When he retired from Dewanship, most of us were sorry. The schemes which he initiated, languished till Sir Mirza Ismail became Dewan. Later, Sir Visvesvaraya himself, to the surprise of many, agreed to be Chairman of the Bhadravati Iron and Steel Works and helped it through a crisis. The salary he was given as Chairman, he allowed to accumulate and endowed all of it for the starting of a technological institute.
A few personal traits of the man should mentioned before I close. I never saw Sir Visvesvaraya lose his temper. I saw him disturbed just once, on the day on which he ceased to be Dewan and sent for all the Secretariat officers to say farewell. The situation was tragic more for the country than for him, and he felt it keenly. He was always courteous to everyone, big or small. I never saw him fail in this.
Some time ago, a friend and I met him on some work and took leave when it was over and came to our car in the porch. After sitting in the car, thinking that the old gentleman had gone to his room, we found that he had followed us to our car door. He stood folding his hands before us to take leave of us finally.
Sir Visvesvaraya was one of the rare persons who did not use his position to help friends and relatives. We understood that when taking office in this State, he made it a condition with his uncle that no relative should apply to him for help in getting an appointment. One might ask for money from him to study and prosper on his own initiative, and he always gave it freely. But to ask for a job on behalf of a relative was a crime. Yet no one could be more considerate to those to whom he belonged.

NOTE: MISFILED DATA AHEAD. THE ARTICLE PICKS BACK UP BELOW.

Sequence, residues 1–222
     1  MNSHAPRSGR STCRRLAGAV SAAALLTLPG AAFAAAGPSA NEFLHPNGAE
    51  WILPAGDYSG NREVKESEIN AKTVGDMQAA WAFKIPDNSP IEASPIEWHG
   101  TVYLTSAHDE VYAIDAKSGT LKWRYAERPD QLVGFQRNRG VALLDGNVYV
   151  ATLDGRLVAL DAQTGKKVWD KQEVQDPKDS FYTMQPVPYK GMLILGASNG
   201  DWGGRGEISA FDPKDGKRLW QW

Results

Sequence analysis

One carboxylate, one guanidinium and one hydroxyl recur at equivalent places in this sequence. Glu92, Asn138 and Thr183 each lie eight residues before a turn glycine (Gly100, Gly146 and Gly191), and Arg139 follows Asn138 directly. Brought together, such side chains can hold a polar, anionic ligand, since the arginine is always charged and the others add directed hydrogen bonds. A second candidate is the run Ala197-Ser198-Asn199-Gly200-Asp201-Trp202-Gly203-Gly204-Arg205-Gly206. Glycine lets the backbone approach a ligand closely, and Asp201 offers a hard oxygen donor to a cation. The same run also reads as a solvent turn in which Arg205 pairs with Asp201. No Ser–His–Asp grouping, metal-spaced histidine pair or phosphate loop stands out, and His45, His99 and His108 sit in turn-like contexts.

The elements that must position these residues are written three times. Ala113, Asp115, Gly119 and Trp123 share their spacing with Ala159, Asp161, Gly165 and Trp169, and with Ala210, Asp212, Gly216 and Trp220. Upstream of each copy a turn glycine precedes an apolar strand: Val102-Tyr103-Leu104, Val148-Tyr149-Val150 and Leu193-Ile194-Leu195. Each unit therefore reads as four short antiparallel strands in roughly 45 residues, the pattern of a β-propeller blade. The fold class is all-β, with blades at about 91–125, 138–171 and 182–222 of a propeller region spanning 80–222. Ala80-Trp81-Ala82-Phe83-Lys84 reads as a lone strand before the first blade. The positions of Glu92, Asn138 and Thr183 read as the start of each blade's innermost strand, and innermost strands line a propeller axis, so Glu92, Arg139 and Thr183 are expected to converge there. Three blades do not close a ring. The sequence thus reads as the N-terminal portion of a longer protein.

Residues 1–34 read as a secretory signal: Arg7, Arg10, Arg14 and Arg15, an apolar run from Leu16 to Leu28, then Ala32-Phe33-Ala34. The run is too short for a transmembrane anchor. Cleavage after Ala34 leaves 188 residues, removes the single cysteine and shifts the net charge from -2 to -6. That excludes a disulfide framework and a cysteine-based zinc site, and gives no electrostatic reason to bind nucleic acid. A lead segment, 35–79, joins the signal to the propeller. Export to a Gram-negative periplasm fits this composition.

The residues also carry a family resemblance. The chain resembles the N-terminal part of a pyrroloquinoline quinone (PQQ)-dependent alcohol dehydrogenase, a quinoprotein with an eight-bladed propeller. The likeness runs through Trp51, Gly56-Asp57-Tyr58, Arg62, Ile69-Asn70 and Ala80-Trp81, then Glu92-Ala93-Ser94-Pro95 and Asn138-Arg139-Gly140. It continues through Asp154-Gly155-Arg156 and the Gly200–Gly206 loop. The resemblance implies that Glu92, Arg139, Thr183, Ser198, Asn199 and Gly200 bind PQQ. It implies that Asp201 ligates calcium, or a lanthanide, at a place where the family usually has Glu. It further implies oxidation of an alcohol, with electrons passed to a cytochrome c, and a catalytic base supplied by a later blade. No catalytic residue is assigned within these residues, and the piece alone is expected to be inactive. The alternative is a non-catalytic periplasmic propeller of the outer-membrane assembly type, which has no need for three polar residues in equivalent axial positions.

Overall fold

Lastly, Visvesvaraya’s hospitality was large and princely. In the early years of his Dewanship, he gave regular weekly dinners to officers and public workers of standing, and used the opportunity to know their minds and to get known to them. The dinner arrangements were perfect. On ordinary days, us staff members who attended office in the morning had always the option of taking our lunch in the Dewan’s dining room. The official who acted as steward had to enquire if we would have our lunch there and look after us if we decided to stay for the day.
Here, I cannot make up my mind to omit one detail. The rice that was served was of a quality I have seen nowhere else. While this midday lunch was an emergency arrangement, the steward had made it a routine under his master’s orders. If we wanted it, at about 11 a.m, coffee was served, and something light to eat was provided every day.
I started by saying that without thinking of me, Sir Visvesvaraya had determined my career for me. He thus helped me to earn my bread honourably. Both he who provides a career and he who directly gives food are called anna data or giver of food.” The common prayer for them is annadata sukhee bhava.
Of Visvesvaraya, the provider of food for our people, I say along with many of our countrymen today: Anna data sukhee bhava!